Regulator wants to probe UCPB


The Insurance Commission asked the Bangko Sentral ng Pilipinas to investigate the alleged gross negligence of United Coconut Planters Bank in managing the trust fund deposits of Provident Plans International Corp.

Insurance commissioner Dennis Funa said over the weekend the regulator sought the assistance of Bangko Sentral to conduct a fact-finding investigation on UCPB over the alleged commission or omission of acts required of the bank as a trustee of Provident Plans.

“The IC wrote a letter to BSP Governor Nestor Espenilla Jr., requesting that a fact-finding investigation be conducted on UCPB in connection with the handling of the trust fund deposits of Provident Plans,” Funa said.

“This request was prompted by the letter from Siguion Reyna Montecillo & Ongsiako Law Offices, counsel of Provident Plans, to the IC alleging that UCPB committed gross negligence and fraudulent mismanagement of Provident Plans’ Trust Fund Deposits which resulted in the impairment of the required capital and deficiency in required trust fund of the said pre-need company,” Funa said.

UCPB earlier denied being negligent in protecting the trust fund of Provident Plans which the Insurance Commission planned to put under conservatorship to protect the interest of plan holders.

Insurance commissioner Dennis Funa

UCPB said in a statement it was coordinating with the Finance Department to clarify the matter. It said as Provident Plan’s trustee bank from 1989 until 2014, it “had never been negligent in protecting their trust fund.”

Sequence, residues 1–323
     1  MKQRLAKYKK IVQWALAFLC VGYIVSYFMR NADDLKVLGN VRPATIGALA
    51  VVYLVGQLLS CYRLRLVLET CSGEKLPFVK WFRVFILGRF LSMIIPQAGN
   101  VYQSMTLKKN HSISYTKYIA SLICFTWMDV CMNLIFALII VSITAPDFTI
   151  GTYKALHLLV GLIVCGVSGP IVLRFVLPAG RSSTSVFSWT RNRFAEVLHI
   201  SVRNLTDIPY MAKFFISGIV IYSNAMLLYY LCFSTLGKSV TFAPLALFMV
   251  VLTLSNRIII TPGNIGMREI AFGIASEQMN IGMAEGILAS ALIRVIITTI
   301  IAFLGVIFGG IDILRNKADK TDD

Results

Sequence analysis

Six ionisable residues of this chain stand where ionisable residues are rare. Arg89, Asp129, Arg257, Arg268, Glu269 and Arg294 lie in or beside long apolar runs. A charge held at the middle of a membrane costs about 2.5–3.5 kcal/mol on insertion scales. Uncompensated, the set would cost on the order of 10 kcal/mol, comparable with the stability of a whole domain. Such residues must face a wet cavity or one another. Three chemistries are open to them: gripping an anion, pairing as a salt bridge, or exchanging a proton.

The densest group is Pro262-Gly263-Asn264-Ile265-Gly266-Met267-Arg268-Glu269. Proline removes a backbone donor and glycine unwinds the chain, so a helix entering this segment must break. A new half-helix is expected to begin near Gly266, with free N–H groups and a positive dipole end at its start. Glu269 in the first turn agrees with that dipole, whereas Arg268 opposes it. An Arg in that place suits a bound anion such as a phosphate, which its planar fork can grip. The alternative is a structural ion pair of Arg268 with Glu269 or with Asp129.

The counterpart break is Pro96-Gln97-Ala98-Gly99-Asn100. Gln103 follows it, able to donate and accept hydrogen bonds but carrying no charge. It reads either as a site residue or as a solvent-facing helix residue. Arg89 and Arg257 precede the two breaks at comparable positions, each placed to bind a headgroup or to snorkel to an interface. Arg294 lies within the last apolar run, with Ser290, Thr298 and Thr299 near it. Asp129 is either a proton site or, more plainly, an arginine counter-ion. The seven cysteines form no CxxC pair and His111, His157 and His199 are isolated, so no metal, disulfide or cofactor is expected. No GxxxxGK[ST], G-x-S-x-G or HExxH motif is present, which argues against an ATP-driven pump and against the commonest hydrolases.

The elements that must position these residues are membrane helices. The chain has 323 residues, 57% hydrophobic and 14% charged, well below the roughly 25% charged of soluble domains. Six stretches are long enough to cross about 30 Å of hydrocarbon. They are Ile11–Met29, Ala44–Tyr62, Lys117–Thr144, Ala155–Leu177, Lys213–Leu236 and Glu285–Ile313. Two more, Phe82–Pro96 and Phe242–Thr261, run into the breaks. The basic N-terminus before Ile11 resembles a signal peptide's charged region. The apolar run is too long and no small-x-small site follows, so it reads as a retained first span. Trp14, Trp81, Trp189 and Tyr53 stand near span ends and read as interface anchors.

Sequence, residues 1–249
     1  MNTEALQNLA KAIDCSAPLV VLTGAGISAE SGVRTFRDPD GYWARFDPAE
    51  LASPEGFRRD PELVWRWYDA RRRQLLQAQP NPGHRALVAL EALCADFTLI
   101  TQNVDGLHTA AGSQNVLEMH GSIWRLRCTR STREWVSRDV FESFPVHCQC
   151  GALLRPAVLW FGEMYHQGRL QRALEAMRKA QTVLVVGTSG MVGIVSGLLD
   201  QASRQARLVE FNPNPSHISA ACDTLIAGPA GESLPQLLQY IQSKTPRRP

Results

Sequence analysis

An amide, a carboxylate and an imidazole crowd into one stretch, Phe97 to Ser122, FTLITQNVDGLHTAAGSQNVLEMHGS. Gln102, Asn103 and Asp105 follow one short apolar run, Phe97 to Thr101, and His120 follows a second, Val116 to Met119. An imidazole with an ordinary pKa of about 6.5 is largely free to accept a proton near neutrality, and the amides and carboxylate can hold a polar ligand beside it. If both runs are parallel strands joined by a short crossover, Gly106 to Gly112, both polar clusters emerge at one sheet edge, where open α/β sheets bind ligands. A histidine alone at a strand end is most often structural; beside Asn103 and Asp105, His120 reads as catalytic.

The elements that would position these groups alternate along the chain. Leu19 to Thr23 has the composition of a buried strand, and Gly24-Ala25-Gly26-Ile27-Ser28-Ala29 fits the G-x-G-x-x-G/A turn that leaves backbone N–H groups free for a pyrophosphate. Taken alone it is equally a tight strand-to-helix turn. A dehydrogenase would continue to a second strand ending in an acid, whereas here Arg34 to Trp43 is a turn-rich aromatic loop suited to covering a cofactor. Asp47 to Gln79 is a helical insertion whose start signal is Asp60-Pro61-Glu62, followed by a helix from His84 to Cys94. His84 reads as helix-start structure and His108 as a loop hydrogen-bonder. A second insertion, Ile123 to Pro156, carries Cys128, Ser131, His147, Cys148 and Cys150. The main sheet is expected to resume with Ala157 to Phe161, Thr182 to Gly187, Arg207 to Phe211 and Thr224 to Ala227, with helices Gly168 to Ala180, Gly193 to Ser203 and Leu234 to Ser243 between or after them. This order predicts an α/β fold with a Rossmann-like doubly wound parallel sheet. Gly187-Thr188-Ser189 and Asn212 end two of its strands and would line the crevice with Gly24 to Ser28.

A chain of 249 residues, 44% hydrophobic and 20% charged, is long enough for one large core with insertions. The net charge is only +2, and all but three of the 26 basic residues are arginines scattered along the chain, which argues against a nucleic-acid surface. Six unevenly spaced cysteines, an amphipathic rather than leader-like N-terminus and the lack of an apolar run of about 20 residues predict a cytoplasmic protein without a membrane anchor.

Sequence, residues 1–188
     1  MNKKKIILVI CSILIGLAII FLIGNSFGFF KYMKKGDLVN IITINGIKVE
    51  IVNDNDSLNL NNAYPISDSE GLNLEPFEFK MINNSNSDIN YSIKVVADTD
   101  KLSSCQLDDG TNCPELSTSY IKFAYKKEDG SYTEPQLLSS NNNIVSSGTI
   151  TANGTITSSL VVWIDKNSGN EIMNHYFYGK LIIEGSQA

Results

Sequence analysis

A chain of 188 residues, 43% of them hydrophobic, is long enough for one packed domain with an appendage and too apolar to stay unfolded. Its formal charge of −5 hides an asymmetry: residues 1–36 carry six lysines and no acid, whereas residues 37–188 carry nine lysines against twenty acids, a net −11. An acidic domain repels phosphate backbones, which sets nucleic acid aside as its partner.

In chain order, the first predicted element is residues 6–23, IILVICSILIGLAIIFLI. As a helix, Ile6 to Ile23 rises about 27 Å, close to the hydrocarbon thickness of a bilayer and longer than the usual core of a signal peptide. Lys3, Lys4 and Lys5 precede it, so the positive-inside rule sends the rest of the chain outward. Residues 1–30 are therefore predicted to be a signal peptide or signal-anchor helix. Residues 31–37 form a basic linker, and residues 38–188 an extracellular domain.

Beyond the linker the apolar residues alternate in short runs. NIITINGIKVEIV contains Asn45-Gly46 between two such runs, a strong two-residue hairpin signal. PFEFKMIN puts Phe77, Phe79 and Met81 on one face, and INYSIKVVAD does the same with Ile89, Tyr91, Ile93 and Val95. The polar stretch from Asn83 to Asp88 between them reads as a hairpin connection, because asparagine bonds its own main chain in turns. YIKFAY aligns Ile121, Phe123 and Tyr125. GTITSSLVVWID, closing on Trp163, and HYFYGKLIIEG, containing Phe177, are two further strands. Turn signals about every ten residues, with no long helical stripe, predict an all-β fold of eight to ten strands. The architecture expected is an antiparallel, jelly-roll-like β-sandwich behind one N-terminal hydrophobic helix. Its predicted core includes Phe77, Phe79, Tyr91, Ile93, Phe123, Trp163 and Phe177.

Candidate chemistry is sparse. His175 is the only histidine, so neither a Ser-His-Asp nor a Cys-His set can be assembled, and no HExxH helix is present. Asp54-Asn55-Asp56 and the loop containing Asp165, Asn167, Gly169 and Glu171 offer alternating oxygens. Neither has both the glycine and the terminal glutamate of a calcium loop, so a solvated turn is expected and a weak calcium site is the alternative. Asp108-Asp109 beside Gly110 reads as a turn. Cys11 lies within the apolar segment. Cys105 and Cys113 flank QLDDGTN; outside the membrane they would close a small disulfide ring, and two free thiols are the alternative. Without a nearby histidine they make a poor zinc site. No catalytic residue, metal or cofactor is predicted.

UCPB said in 2009, Provident Plans decided to terminate its trust agreement with EIB and  transferred the EIB time deposits to UCPB. “At the time it was transferred to UCPB, the EIB time deposits were considered as an allowable investment under the SEC guidelines and IC regulations.  EIB was eventually shuttered by the BSP in 2012,” it said.

Funa said upon evaluation of Provident Plans’ request, the commission deemed it proper to refer the same to Bangko Sentral, considering that the regulatory and supervisory powers over UCPB was vested upon it.

“Nevertheless, we required UCPB to submit to us their reply on the allegations of Provident Plans,” Funa said.

Provident Plans is among the companies that the Insurance Commission found to be financially deficient after the regulation of the pre-need industry was placed under the commission in 2010 pursuant to Republic Act 9829. Pre-need firms were previously under the supervision of the Securities and Exchange Commission.

Based on the latest letter submitted by Provident Plans to Insurance Commission, Provident Plans was in the process of negotiating with new investors who would either acquire or invest in the company in addition to raising new funds as part of its capital build-up program.

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